• Pros: A gunslinger always has more adventures than anyone else, better luck, and a lover that is hotter than the desert at high noon. With uncanny speed, grace, and smarts, a gunfighter hero can outwit, outpunch, and outgun any adversary. While always ready to savor a drink, meal, or quickie, nevertheless the gunslinger will—okay, might—drop everything to save the day.
  • Cons: Trouble is ever far from a gunslinger—they either stir it up, or it comes looking for them. They tend to believe they are a law unto themselves (as well as enforcer, judge, and executioner). Ultimately, a gunslinger is a lonely soul; no one can possibly understand that their thirst for vengeance comes from a sense of wanting to atone for their own past bloody deeds. Perhaps that’s why gunslingers tend to drift, never staying in one place for long—the high plains don’t judge.

Idol-worthy gunslinger heroes

The classic gunslinger evokes the white knight of medieval times. And there is no one who epitomizes that better than Alan Ladd in Shane (1953). As a buckskin-clad stranger, Shane rides down from the mountains just as a homesteader family, the Starretts, are menaced by a greedy cattle baron who wants their land. At first Shane puts aside his knightly buckskins and six-gun to be a simple farmer, but a true gunslinger hero can never forget his past: The kid hero-worships him; the wife is attracted to him; and the husband’s friendly rivalry turns to blows when Shane won’t let him face the most evil villain on earth, Jack Palance’s black-clad gunslinger. One epic showdown later, Shane, bloodied but unbowed and clad in buckskins once more, rides away into the mountains, alone.

The classic gunslinger got a lot grittier when Clint Eastwood took his first film role as “Blondie” in The Good, the Bad and the Ugly (1966). Also a mysterious stranger, the mercenary Blondie isn’t interested in saving people. Forget about romance and honor and duty—all this antihero wants is Confederate gold that’s gone missing, and before lethal gunhands, played by Eli Wallach and Lee Van Cleef, get their hands on it. There is loyalty (kind of) and honor (of a sorts) in this poncho-clad, cheroot-smoking, gimlet-eyed antihero, just enough to have audiences rooting for him to win the showdown of showdowns in an old cemetery… and appreciate his last laugh in one of the western genre’s best dénouements.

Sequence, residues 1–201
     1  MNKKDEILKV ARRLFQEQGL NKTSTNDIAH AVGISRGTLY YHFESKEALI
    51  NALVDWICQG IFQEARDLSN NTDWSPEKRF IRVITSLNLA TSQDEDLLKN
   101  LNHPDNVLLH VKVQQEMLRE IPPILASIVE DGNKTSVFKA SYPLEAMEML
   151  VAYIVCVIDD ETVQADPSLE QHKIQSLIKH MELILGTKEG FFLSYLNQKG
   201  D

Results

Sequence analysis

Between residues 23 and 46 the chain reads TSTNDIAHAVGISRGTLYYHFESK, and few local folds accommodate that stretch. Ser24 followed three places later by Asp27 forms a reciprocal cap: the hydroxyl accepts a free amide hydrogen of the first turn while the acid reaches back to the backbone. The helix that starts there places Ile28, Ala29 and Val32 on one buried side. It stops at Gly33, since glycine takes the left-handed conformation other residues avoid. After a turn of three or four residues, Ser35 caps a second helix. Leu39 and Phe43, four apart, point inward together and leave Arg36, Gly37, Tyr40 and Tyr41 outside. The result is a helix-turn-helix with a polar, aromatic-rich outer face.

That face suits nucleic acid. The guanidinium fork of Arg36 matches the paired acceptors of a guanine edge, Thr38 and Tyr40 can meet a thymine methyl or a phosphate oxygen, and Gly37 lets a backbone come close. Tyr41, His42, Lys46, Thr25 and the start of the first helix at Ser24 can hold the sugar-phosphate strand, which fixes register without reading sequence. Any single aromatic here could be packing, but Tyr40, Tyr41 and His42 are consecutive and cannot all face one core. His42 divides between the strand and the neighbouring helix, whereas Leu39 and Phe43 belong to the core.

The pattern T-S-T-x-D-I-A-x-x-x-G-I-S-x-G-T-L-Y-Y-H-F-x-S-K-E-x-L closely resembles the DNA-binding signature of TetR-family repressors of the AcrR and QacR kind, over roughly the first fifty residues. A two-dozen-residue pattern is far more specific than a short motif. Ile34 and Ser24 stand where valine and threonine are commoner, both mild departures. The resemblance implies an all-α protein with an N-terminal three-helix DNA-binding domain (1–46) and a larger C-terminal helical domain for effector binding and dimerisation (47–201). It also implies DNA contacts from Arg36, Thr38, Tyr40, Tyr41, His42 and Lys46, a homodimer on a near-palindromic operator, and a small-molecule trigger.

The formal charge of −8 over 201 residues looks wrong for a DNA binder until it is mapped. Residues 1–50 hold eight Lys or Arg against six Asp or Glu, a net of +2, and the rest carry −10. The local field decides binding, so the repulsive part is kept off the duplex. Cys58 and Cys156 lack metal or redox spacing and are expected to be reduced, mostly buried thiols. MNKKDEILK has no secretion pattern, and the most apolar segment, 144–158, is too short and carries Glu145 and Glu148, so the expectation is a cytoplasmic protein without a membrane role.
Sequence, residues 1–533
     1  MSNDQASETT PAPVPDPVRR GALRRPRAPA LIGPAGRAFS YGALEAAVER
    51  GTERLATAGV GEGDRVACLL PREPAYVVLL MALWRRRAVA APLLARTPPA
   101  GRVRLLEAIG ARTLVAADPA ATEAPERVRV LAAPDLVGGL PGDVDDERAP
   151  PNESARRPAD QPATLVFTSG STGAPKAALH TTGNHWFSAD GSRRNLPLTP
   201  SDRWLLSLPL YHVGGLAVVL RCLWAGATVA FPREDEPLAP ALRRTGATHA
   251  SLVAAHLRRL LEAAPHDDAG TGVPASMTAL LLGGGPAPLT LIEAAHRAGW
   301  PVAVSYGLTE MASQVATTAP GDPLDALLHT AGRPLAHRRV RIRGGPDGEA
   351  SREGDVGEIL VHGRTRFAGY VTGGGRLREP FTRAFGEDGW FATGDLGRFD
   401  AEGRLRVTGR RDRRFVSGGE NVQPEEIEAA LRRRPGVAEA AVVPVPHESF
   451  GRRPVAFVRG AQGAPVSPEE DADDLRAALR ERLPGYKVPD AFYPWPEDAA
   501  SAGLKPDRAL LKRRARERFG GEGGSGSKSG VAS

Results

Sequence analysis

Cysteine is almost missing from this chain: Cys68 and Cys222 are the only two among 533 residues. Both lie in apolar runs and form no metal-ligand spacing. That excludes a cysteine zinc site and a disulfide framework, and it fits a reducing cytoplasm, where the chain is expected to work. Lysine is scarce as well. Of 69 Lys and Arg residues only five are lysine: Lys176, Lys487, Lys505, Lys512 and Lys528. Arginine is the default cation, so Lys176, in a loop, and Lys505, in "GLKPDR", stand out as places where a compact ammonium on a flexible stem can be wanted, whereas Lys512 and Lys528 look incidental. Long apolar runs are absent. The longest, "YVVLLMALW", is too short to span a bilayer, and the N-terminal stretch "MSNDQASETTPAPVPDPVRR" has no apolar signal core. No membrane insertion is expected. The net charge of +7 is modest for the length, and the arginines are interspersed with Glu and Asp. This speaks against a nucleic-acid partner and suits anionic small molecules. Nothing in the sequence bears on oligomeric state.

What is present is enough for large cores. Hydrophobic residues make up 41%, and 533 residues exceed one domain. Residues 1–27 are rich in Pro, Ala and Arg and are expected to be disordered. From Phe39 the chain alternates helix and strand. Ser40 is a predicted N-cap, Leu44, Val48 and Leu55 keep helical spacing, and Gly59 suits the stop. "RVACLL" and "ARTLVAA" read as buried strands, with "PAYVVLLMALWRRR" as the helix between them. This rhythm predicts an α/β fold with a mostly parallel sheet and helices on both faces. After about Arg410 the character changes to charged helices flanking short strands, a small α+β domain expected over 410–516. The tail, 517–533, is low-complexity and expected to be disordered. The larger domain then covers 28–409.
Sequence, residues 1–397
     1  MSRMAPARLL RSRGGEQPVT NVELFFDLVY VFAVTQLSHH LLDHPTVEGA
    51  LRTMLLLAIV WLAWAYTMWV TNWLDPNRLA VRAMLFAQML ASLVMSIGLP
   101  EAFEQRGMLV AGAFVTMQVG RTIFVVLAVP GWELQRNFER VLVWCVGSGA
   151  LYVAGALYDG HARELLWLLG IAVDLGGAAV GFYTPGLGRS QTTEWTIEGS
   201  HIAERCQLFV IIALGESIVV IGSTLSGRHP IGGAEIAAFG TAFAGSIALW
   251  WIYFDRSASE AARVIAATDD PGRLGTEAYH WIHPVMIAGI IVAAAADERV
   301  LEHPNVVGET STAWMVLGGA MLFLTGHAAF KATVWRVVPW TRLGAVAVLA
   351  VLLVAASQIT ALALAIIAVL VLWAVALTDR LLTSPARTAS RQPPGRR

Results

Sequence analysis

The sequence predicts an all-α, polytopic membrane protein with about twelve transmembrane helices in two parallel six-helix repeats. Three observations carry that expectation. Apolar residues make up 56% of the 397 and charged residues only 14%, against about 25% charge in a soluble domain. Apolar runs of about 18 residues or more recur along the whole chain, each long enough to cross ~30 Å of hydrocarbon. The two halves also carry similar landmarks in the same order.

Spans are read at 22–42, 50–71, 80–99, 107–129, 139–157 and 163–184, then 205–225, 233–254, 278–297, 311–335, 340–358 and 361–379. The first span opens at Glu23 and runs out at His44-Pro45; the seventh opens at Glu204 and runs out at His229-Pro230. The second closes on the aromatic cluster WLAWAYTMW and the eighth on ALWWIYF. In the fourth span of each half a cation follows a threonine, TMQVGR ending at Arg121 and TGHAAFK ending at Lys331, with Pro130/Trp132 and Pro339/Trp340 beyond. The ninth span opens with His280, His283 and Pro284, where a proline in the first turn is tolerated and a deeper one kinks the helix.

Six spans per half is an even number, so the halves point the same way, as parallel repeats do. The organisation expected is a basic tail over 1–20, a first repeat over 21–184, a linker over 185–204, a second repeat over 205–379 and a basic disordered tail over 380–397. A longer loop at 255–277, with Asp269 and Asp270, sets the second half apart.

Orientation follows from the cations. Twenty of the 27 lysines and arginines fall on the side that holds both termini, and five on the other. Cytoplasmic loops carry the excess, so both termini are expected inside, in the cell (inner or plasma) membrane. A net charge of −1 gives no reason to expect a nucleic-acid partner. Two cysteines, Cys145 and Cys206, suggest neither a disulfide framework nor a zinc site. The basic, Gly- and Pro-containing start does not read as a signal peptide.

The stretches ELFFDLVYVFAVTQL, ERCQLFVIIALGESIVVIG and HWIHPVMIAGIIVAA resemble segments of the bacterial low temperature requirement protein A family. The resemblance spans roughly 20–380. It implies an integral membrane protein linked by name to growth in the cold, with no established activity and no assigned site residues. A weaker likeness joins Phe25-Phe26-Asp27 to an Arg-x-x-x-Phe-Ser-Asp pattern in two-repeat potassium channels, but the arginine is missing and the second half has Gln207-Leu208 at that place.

Most female silver-screen gunslingers—a fairly recent innovation in westerns—take their badass cue from the sexy cool of Eastwood’s Man with No Name. But none is as startlingly original, as over-the-top macho, as to-die-for righteous as Joan Crawford’s Vienna, in Johnny Guitar (1954). She’s the saloon owner, not the gunslinger of the title (played by guitar-strumming Sterling Hayden). But it’s easy to see who wears the pants in their relationship. Johnny Guitar is hired to protect Vienna from a posse headed by her rival Emma Small (Mercedes McCambridge), but by the time the showdown explodes on the screen, Crawford is the one pointing her six-gun at the heart of her nemesis with the classic gunslinger’s brooding scowl. One straight shot and she rides off into the sunset with her guitar-strumming lover.

No gunslinger hero does tragic past and thwarted hopes like Dum Dua of The Tears of the Black Tiger (2000). In what could be the world’s best (and only) pad thai western, Chartchai Ngamsan embodies the heroic gunslinger ideal of jaw-dropping handsomeness, an otherworldly skill with guns, and a deep pool of unbearable sadness in his eyes. In true revisionist-western mash-up style, the costumes and sets are pure singing-cowboy while the message is all gunslinger. He almost gets the girl—numerous times—but ultimately his fate hinges on the showdown with his nemesis, or perhaps his karma. Like Dum Dua, real gunslingers accept their fate, whether it be tragic or comic.

Remember–watch those films. Tape film stills to your mirror. Sing the theme songs. It takes work to be as epically awesomely happy as a silver-screen western hero. But you’re starting off just right, with the first principle of the Silver-Screen Cowboy Code: Believe you are a hero, and you will be a hero.

Q: But what if I really, really want to be a villain?

A: Go ahead, make my day (whoops, wrong genre.) To be continued…